Checks of premises where bicycles were bought, sold or repaired, for the distinctive green bicycle failed. Then on 10th July a bicycle repairman informed the police that he had repaired a bicycle matching the description the previous day. He also informed police the man riding this bike had told him of his intentions to go for a "ride in the country" that day.

Mr Ronald Light later claimed not to have known about Bella Wright's death until he read a Leicester Mercury article on 8th July. He worried over the matter for "some time" before deciding to do nothing beyond removing his bicycle from where he normally stored it to the attic. He said he failed to come forward in response to the police and media appeals to avoid worrying his mother. In October 1919 Ronald Light took his bicycle from the attic and filed the serial numbers from the frame. He then took the bicycle to the Upperton Road Bridge in Leicester, where he detached the rear wheel, then dismantled the rest of the bike. Each section, except the rear wheel with its coaster brake, were thrown into the River Soar; an act witnessed by a labourer named Samuel Holland who had been walking to his night shift at a nearby mill.

The distinctive green bicycle was discovered when Enoch Whitehouse was guiding a horse-drawn barge, laden with coal, along the River Soar. The tow-rope of the barge snagged the frame of the bicycle, bringing it to the surface of the canal. Whitehouse informed the police and they decided to drag the canal. More pieces of the bicycle were discovered. Police examined the frame and found that while the serial number had been filed off both the frame and the seat lug, a faint serial number was still visible on the inside of the front fork. Inquiries revealed the bike had been bought by Mr Light nine years previously.

Arrest & Trial

Mr Ronald Light was arrested on 4th March 1920 at Dean Close School in Cheltenham, where he had secured a position teaching mathematics. He was brought to Leicestershire to be charged with the murder of Bella Wright.

At first Mr Light denied ever being in or near Gaulby on 5th July, or meeting Bella on that date. He also claimed he never owned a green bicycle. When he was told of the link between him and the bicycle he claimed he had sold the bike years ago to an individual whose name he could no longer recall. However Mr Light was identified by eyewitnesses as the person who had been riding alongside Bella Wright on the evening of her death. Mr Cox, the bicycle repairman, identified Ronald Light from a police identity parade as being the person who had had repairs conducted on a distinctive green bicycle on the day of Bella Wright's death. Mr Light's mother's maid, Mary Elizabeth Webb, told investigators that on 5th July Mr Light hadn't returned home until around 10pm, claiming his bicycle had broken down, and he had had to push it home. He had also sold or destroyed all the clothing he had worn that day.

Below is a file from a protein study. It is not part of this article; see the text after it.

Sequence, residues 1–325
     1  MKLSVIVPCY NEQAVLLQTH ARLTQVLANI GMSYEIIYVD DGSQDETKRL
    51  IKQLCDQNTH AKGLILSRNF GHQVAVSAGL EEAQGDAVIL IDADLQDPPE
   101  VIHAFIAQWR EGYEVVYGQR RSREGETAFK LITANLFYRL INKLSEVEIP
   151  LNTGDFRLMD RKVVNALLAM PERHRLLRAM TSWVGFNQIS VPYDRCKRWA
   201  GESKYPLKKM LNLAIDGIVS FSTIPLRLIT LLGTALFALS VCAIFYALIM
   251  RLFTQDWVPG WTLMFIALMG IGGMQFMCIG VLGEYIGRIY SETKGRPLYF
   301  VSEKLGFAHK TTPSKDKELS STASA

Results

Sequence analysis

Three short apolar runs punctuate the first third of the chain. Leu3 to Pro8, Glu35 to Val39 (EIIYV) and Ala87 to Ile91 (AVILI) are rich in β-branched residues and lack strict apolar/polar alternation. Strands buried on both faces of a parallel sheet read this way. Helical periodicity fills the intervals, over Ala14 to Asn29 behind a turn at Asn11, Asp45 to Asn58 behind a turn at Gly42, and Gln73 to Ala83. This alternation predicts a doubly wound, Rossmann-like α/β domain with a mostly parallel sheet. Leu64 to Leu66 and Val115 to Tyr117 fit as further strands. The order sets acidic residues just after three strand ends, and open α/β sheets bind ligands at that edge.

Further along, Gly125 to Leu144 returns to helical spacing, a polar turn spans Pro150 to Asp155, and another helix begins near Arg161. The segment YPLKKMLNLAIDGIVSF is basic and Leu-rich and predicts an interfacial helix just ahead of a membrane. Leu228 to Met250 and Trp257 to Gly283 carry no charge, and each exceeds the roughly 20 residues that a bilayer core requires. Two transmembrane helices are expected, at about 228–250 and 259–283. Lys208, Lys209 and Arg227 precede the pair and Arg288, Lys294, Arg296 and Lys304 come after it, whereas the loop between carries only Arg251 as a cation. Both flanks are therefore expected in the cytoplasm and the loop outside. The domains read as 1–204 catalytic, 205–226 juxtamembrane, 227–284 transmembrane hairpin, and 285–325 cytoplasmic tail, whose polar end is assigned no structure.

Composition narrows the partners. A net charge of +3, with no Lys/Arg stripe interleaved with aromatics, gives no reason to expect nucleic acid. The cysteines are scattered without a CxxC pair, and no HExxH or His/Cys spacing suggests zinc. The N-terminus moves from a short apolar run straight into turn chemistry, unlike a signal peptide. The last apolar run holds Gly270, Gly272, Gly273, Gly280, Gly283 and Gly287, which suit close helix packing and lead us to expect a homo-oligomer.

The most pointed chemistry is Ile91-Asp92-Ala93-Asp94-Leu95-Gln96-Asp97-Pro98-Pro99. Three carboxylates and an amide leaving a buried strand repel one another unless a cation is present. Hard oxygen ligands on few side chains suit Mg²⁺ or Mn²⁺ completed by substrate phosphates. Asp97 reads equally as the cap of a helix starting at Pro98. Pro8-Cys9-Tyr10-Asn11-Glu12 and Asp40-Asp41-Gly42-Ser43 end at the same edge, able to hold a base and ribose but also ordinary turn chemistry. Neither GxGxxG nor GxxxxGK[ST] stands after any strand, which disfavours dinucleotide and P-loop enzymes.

On 19th March, additional pieces of evidence were found. An Army pistol holster, identified as having been issued to Mr Light, and a dozen live .455-calibre bullets were dredged from the same canal in which the sections of the bicycle had been retrieved. The bullets were found to match the spent bullet found at the crime scene.

The trial of Mr Ronald Light opened in Leicester Castle on 8th June 1920. He was tried before Mr Justice Horridge and entered a plea of not guilty. He was defended by Sir Edward Marshall Hall, and the prosecution team consisted of Sir Gordon Hewart, Norman Birkett, and Henry Maddocks.